Iran could transform the Ukraine war into missile hell

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Originally published by 1945

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Although the current conflict in Ukraine is primarily centered on the dominance of drone warfare, Russia’s potential procurement of missiles from Iran suggests a new phase in its campaign. According to Maj. Gen. Kyrylo Budanov, head of Ukraine’s defense intelligence directorate, Moscow could receive deliveries of Iranian-produced ballistic missiles by the end of the month. This news comes just one week after the Kremlin carried out a roughly 55-missile barrage targeting Ukraine’s critical infrastructure on October 31. Additionally, in mid-October, Russian Forces launched a deadly series of missile strikes targeting civilian areas in the heart of Kyiv. While the cheap, lethal drones Moscow continues to procure from Tehran continue to be a headache for Ukraine’s defenses, an influx of missiles would pose a significantly greater threat.

Russia needs a restock of long-range and short-range missiles

Throughout October, Moscow prioritized targeting Ukraine’s power structures through missile attacks in an attempt to wipe out the country’s electrical infrastructure network before the winter hits. Russia’s missile barrages were successful in taking out almost a third of Ukraine’s power stations, including in the capital of Kyiv and the southern city of Mykolaiv. Military experts have indicated that Moscow’s sudden surge in missile use will undoubtedly result in a smaller stockpile – unless replenished domestically or through foreign imports.

According to the Pentagon, Moscow fired roughly 600 missiles in the first 11 days of the war alone. This number dropped off as the conflict progressed, and experts have questioned why Moscow has turned to the use of surface-to-air and surface-to-ship missiles to strike land-based targets. The fact that Russian forces would repurpose these munitions for unintended uses strongly indicates a diminishing stockpile. The Euromaidan Press published images on Twitter of Russian S-300 missiles striking an office building in Kharkiv last month. A swarth of these missiles, designed to attack targets in the air, hit residences and land-based infrastructure amidst the missile barrage.

Iran could solve Moscow’s missile shortage

The United Kingdom’s Defense Ministry questioned the long-term ability Moscow has to launch consistent missile barrages, calling it unsustainable. According to Politico, the ministry said Moscow “is probably incapable of producing advanced munitions at the rate they are being expended.” However, if an influx of Iranian-made surface-to-land short-range and long-range missiles were on the table, Moscow would not have to worry about running through its already low stockpiles.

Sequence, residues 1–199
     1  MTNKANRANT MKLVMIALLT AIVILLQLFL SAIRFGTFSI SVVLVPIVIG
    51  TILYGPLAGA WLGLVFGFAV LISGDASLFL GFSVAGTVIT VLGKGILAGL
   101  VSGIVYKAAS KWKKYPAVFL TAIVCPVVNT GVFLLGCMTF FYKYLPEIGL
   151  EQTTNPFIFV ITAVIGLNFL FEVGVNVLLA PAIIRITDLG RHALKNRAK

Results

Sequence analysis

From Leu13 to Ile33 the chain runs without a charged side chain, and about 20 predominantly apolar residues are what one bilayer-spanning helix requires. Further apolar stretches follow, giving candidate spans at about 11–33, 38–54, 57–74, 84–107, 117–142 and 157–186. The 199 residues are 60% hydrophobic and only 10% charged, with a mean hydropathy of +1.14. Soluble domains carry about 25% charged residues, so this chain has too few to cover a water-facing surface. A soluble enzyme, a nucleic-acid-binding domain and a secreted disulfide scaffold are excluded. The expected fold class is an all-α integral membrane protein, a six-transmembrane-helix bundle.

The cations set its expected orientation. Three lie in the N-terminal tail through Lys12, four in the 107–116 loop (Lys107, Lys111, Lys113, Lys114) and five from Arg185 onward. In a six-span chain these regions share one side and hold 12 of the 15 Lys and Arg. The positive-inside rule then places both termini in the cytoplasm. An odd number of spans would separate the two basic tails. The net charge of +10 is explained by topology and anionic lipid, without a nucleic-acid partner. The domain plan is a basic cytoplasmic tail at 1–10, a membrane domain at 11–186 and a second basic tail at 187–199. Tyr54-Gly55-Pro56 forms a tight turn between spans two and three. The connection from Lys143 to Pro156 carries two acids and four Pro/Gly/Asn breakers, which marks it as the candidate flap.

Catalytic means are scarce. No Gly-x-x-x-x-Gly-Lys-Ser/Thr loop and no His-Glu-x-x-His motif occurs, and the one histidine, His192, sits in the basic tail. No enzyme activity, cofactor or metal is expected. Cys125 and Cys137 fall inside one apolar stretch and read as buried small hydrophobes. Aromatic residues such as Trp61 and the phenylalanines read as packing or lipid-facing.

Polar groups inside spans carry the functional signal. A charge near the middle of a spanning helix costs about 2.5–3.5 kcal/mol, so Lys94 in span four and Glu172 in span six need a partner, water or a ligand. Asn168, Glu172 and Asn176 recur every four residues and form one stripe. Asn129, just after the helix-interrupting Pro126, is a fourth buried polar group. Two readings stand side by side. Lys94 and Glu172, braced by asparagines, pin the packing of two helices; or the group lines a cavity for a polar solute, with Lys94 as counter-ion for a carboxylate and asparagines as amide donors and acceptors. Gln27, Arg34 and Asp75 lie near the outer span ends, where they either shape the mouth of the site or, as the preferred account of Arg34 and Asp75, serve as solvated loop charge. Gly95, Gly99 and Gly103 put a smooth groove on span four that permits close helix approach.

The New York Times recently reported that a spokesperson for the Ukrainian Air Force is concerned that the Kremlin could be gearing up to procure Iran’s Fateh-110 and Zolfaghar ballistic missiles. Both the Fateh and Zolfaghar are short-range missiles that have the ability to strike targets at distances of 185 miles and 435 miles respectively. While the Fateh missile is produced in Iran, the U.S. Department of Treasury has accused a Chinese company of contributing heavily to the development of the munitions. Iran’s regional proxy groups, including Lebanon’s Hezbollah and Iraq’s Popular Mobilization Forces, have transferred the Fateh missile in the past. In theory, Iran would deliver this missile to Russia for the right price or benefit. As a subset of the Fateh family of missiles, the Zolfaghar short-range solid fuel ballistic missile would also serve the Russian Forces well. As the Center for Strategic and International Studies denotes, this missile has been active in the ongoing conflict in Syria and in northern Iraq.

Although both the Fateh and Zolfaghar short-range missiles have longer trajectories than the U.S.-provided M142-HIMARS (High Mobility Artillery Rocket System), range is perhaps the only advantage these weapons have. As detailed in a Newsweek piece, HIMARS outperforms Iranian missiles in accuracy. This capability has allowed Ukrainian forces to take out critical Russian targets in the ongoing invasion so far. Despite the comparable inaccuracy of the Iranian short-range missiles, the arrival of these weapons to the Russian front will allow its forces to bombard Ukraine with swarm barrages- ultimately weakening Kyiv’s defense abilities.

Moscow and Tehran will continue to deny collaboration on weapons transfer

The recent uptick in Russian missile bombardments suggests that a wave of new weapons – perhaps from Iran – could be on the table. Despite photographic and video evidence depicting the lethal drones Tehran has supplied Moscow since this summer, both rogue states have continued to refute all evidence of collaboration. Moscow and the Iranian regime will unquestionably deny the potential transfer of missiles as well.

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